Aquatic invertebrate fauna of Matapouri, Northland.

Pohe, Stephen Robert
Alfaro, Andrea C.
Ball, Olivier J-P
Item type
Degree name
Master of Applied Science
Journal Title
Journal ISSN
Volume Title
Auckland University of Technology

A study of the aquatic invertebrate communities from two locations (Location 1 and Location 2) within the Matapouri catchment in Northland, New Zealand, was conducted to assess community structure in differing local-scale habitats. Four data collection methods were utilised generating 33,058 adult or larval invertebrates. The sampling methods comprised benthic kick-sampling, sticky trapping, light trapping, and emergence trapping. For the sticky trapping and light trapping, sampling was carried out at three different sites (Sites 1–3) within each location. The sites were situated within three habitat types; native forest, native forest-fringe, and raupo wetland. Emergence trapping also commenced within the three sites, at both locations, but was discontinued after two months, due to the equipment being destroyed by consecutive flooding events (method described in Appendix 1). Benthic sampling was carried out within the Forest and Forest-fringe habitats. Benthic sampling, sticky trapping, and light trapping were carried out following a monthly schedule between June and November 2005. Conductivity, pH, and water temperature measurements were taken concurrently with benthic sampling on a monthly basis, while water velocity and substrate measurements were taken once to assist in habitat characterisation.

Overall, 71 taxa were recorded by benthic sampling over the six month period, with a mean of approximately 30 taxa per site per month. In comparison with similar studies elsewhere in New Zealand, a figure of around 30 taxa per sample was high. The benthic macroinvertebrate fauna at all sites was dominated by Trichoptera (19 taxa), Diptera (16 taxa) and Ephemeroptera (10 taxa). This pattern of diversity is similar to that reported in other New Zealand studies. However, in contrast to previous studies, the leptophlebiid mayfly genus Deleatidium was not numerically dominant over the rest of the community, and other leptophlebiid genera (Acanthophlebia, Atalophlebioides, Mauiulus and Zephlebia) were equally represented, possibly reflecting niche partitioning between the groups. The genus Nesameletus was not recorded at any site, despite being one of the core mayfly species in New Zealand streams. The rare mayfly Isothraulus abditus was recorded at one of the forest locations. There are no published records of this species from Northland. Although acknowledged as another of the core New Zealand benthic taxa, the hydropsychid caddisfly Aoteapsyche was not recorded during the study. However, another hydropsychid, Orthopsyche, was commonly recorded, and these may be filling a similar niche to the Aoteapsyche genus. In contrast to the Trichoptera, Diptera, and Ephemeroptera, the Plecoptera fauna was relatively depauperate, probably reflecting the warmer climate of the region and lack of temperature-buffered spring-fed streams. Surprisingly, Zelandobius, a core New Zealand genus, was absent but is regularly recorded in Northland. A species of conservation interest, Spaniocercoides watti, currently recognised as a Northland endemic, was recorded in low numbers. There were no apparent trends in diversity or abundance of benthic invertebrates over time. Also, there were no significant differences in species diversity between the two locations. However, in many cases, taxa were more abundant at Location 2. This may have been due to steeper gradients at Location 2, and the consequent effects on substrate size and streambed stability, as all other physical factors appeared similar between locations. Although several significant differences of individual benthic taxa were recorded, no broad effect of habitat (sites) on species diversity was observable. However, at Location 2, abundances were significantly higher at Site 3 (Forest) compared to Site 2 (Forest-fringe). The reasons were uncertain, but may be attributed to higher retention of allochthonous organic materials, trapped by in-stream cover and larger substrates. Investigations of adult stages by sticky traps supported benthic results recording community compositions and abundances dominated by Trichoptera and Diptera. Plecoptera were poorly represented. Location 2 recorded higher abundances of taxa, particularly Ephemeroptera and Plecoptera. Investigations of adult stages by light traps however did not produce any statistically significant differences in abundances between sites, between locations, or between sites across locations, and it is believed to be due to limited sampling replication combined with some biases of light trapping. This study indicates that the aquatic invertebrate community at Matapouri is diverse but also reasonably representative. Several rare or uncommon insects inhabit the catchment. It is therefore important that Iwi and the local Landcare Group, who invited and supported this research, together with the Department of Conservation, continue their efforts in protecting these areas. The resident fauna have the capacity to restock areas downstream, which are intended to be improved and restored through sediment control and riparian management.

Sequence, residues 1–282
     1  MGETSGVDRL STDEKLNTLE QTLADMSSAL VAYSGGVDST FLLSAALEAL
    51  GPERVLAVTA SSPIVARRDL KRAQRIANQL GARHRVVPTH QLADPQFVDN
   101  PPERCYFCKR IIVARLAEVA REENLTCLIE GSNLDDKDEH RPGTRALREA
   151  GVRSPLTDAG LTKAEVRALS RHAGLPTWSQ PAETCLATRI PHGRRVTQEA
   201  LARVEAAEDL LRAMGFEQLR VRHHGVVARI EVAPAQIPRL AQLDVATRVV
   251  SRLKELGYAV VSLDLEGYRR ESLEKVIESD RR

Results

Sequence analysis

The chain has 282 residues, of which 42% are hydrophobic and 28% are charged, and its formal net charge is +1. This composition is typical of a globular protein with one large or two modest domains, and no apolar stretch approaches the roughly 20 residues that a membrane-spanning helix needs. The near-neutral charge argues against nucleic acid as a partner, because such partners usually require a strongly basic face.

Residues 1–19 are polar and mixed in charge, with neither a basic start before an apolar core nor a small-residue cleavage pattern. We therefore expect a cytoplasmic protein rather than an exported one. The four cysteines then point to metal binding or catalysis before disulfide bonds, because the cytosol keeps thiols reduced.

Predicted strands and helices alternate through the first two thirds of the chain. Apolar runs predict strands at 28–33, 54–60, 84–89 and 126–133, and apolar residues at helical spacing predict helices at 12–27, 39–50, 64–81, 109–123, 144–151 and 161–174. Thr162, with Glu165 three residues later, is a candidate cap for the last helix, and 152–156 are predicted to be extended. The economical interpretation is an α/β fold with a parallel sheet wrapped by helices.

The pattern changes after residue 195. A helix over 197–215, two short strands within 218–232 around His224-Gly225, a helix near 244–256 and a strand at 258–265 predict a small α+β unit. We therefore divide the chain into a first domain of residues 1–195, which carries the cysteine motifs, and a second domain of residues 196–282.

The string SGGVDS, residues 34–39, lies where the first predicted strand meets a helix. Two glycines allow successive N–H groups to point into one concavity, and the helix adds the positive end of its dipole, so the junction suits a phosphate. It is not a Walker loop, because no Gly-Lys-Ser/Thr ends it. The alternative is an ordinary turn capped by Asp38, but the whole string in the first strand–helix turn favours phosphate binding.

Aquatic insects , Community composition , Habitat use , Kick sampling , Benthic macroinvertebrates , Northland , Light trapping , Sticky trapping
Publisher's version
Rights statement